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Business-Managed Democracy

“Business-managed democracies are those in which the political and cultural arrangements are managed in the interests of business”

Sharon Beder

Business-Managed Education

Business Language


The language of school reform borrowed heavily from business management literature (see table below).


For example the Minister for Education in Ontario, John Snobelen, described “his vision” for Ontario’s schools in 1995 in terms of “clients”, “customers” and “front-line service providers” (teachers) who would be “customer and client-focused”. Such language was also taken up by the Australian media:


Allan White is the general manager of a $4.5 million business with 1000 teenage clients all wanting to buy a bright future. In short he runs a high school… [which] boasts a management team, which includes the executive officer (principal), and line managers (two assistant principals and a pivotal business manager).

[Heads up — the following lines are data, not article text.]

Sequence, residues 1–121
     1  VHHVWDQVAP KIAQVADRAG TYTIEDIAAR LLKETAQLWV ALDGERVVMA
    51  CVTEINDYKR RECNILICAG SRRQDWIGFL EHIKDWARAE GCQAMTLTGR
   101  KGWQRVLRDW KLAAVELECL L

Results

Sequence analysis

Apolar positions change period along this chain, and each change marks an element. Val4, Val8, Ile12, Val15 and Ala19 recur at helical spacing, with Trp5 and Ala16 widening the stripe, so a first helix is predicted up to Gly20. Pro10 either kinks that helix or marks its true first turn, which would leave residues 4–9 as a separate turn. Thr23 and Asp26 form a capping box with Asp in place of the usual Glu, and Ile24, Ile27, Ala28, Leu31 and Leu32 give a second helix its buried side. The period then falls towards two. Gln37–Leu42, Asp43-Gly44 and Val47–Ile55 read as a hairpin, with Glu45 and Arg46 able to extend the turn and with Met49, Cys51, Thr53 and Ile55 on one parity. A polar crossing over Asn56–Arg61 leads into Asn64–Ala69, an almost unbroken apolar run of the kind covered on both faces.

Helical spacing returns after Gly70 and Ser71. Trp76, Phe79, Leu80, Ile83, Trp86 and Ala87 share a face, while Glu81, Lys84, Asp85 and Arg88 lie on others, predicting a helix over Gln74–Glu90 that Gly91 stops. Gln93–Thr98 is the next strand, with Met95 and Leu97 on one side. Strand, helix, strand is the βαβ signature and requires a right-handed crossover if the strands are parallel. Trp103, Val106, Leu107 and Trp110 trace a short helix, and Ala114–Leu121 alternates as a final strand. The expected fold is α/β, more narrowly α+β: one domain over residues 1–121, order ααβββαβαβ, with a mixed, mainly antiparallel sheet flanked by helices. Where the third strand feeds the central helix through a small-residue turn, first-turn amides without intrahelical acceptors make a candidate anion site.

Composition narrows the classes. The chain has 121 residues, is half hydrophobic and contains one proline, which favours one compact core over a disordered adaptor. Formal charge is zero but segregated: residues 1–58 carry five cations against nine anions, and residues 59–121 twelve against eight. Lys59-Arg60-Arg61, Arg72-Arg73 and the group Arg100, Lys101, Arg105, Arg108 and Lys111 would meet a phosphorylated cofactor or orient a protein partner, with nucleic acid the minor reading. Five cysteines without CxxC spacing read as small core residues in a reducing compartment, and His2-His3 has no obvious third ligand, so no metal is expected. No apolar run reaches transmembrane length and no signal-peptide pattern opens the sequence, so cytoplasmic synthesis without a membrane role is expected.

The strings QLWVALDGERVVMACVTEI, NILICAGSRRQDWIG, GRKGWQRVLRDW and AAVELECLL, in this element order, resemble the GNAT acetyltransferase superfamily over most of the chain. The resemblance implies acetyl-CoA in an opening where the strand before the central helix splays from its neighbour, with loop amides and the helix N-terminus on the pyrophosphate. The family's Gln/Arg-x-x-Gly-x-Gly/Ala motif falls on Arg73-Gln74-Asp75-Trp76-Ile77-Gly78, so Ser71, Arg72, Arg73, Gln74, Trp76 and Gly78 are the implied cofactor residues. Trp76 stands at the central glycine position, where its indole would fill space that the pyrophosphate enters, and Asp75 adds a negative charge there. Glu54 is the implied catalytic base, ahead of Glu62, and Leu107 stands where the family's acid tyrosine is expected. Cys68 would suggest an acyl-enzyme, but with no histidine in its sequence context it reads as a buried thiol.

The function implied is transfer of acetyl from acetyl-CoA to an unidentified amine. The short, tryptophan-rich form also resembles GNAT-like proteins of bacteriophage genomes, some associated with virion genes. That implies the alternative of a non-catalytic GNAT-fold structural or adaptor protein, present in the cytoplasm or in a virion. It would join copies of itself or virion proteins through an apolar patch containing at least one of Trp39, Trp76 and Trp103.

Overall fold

Table: The New Language of School Reform

Bureaucratic professionalism New managerialism
Public service ethos Customer-oriented ethos
Driven by commitment to professional standards and values such as equity Driven by efficiency, cost effectiveness and competitive advantage
Cooperation Competition
Managers with educational backgrounds Managers trained in economics, business management
Focus on inputs, control of processes, teacher qualifications, qualitative outcomes Focus on goals, measurable results
Consequences for poor results – accountability
Schools Educational Enterprises







Workers/producers/classroom managers/service providers

Source: adapted from G. Whitty, S. Power, and D. Halpin, Devolution and Choice in Education: The School, the State and the Market, Melbourne, Australian Council for Educational Research, 1998, p. 54.
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